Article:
At present, we do not have a clear understanding of what functions are hard wired into the human brain. It has only been about 30-40 years since we discovered the basic nature of the mechanism built into bird brains for seasonal navigation. Experiments in planetariums have shown that many migrating birds have hard wired functions for noticing the point around which the stars seem to rotate (Polaris for several thousand years).
Until we have a far better understanding of the human brain, we are unlikely to build an AI device. In any event, I do not expect it to have an architecture similar to any current computer system. More memory and an array of faster CPU’s is not going to do the job. A single blazingly fast CPU will not even come close. At present neural network architectures looks like the best bet, but the best of these are primitive.
Neurons operate independently and in parallel connected to each other via a relatively low speed communications network – synaptic connections are not electrical. The analogy with the HP MPP systems is essentially identical, but needs another 15 years to catch up with processor speed.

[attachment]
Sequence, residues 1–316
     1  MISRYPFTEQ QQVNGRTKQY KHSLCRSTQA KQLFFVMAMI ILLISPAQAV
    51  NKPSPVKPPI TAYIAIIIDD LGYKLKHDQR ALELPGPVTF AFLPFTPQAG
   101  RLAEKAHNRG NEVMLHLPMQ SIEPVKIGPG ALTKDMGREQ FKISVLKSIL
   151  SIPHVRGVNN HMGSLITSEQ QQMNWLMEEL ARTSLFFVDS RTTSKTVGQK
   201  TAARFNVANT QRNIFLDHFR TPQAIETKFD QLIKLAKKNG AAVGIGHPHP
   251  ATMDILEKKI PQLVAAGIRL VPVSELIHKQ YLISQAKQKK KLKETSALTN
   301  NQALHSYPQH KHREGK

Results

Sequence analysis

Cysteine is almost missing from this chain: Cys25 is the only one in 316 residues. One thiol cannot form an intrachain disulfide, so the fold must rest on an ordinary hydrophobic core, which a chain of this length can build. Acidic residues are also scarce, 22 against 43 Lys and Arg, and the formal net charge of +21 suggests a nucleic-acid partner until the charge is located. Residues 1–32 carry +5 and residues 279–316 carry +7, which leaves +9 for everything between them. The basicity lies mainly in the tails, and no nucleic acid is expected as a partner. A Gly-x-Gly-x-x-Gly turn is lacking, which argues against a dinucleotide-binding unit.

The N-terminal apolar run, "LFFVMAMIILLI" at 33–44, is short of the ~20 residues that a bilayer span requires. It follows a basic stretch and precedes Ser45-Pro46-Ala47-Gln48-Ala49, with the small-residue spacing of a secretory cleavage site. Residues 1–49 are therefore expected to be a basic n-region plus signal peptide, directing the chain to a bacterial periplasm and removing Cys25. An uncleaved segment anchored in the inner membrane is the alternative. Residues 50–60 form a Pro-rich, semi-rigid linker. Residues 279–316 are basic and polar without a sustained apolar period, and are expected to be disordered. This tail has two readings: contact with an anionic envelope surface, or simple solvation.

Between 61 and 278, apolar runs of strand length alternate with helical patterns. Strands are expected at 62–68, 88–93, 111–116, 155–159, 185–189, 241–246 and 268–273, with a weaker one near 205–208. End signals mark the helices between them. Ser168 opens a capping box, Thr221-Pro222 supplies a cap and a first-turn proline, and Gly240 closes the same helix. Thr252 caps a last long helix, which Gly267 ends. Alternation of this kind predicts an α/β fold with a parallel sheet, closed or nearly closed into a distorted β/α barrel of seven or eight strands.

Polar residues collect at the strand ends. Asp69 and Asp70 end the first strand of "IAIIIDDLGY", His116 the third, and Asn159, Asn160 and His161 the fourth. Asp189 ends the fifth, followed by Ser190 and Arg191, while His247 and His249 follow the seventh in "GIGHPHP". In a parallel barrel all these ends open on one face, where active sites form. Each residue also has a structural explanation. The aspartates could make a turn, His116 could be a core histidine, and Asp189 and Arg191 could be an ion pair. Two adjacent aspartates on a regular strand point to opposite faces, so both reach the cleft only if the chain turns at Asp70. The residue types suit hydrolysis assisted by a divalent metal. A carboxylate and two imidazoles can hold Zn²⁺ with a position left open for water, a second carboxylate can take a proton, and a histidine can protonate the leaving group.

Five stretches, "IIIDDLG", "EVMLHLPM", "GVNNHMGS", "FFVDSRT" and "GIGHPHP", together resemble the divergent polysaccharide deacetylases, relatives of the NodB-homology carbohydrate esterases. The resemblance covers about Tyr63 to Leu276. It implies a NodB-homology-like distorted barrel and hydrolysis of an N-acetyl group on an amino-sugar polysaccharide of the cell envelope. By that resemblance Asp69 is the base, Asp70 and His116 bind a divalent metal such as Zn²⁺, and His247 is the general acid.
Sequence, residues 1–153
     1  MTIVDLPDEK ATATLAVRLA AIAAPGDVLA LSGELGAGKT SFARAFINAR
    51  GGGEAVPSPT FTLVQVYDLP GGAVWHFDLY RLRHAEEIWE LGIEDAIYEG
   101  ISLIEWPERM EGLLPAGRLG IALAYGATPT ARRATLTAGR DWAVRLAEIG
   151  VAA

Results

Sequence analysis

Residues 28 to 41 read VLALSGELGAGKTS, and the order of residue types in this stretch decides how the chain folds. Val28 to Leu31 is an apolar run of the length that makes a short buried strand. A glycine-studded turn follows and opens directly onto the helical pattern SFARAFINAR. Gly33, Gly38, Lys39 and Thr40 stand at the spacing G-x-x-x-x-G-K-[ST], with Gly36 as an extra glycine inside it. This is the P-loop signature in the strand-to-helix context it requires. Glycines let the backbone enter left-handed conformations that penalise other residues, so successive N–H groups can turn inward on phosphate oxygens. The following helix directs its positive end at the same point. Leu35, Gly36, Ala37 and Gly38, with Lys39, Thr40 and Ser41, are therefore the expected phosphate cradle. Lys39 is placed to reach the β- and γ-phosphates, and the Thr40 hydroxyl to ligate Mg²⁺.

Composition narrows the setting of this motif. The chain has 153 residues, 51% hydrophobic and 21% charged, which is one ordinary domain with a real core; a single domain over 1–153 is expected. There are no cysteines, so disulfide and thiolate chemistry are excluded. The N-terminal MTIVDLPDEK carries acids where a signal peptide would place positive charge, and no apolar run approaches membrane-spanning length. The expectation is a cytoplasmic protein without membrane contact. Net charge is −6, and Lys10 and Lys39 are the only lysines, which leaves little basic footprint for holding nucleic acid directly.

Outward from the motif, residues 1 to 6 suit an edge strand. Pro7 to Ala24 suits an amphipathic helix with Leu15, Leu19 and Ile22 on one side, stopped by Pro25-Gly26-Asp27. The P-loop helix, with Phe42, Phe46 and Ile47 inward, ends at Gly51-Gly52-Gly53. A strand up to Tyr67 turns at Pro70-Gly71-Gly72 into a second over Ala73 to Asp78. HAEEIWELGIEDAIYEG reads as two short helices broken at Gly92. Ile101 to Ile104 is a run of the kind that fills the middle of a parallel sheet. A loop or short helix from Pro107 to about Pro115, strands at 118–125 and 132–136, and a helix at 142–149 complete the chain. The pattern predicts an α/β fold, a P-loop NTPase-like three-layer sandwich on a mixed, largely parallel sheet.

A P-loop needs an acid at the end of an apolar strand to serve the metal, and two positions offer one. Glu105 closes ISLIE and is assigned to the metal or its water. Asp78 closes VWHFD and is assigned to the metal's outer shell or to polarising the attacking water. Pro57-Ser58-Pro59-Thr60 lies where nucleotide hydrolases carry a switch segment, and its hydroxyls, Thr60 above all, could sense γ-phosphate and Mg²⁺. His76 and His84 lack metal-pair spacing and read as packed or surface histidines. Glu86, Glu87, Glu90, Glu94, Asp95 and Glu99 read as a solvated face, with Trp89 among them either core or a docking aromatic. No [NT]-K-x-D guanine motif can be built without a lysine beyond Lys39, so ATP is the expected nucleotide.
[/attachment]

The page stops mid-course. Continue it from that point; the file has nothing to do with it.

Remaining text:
Partial image recognition is also understood, but again they need the knowledge base, and the equivalent processing power of the human brain. I don’t see that you have a valid point. Video image transmissions now focus on only sending changed frames instead of full images. And fuzzy logic and probability matching also enhance computer processing techniques to come closer to the way the brain operates.
But any comparison you make with current computers simply cannot compare with the massive parallel processing power of the brain – it is important to keep that power ratio in perspective.
As for memory storage, I agree, the brain uses a different approach. The issue then becomes do we want to copy exactly how the brain operates or be able to accurately emulate brain function? The primary technique required in either approach must be massive parallelism. Storage techniques can differ if the same end result is the same.
I think the architecture of the brain is memory based. There was a PHD student at my undergraduate school who I believe was working on an architecture centered around memory. I will see if I can get a link...
EDIT. Link to the research group he belongs: http://www.capsl.udel.edu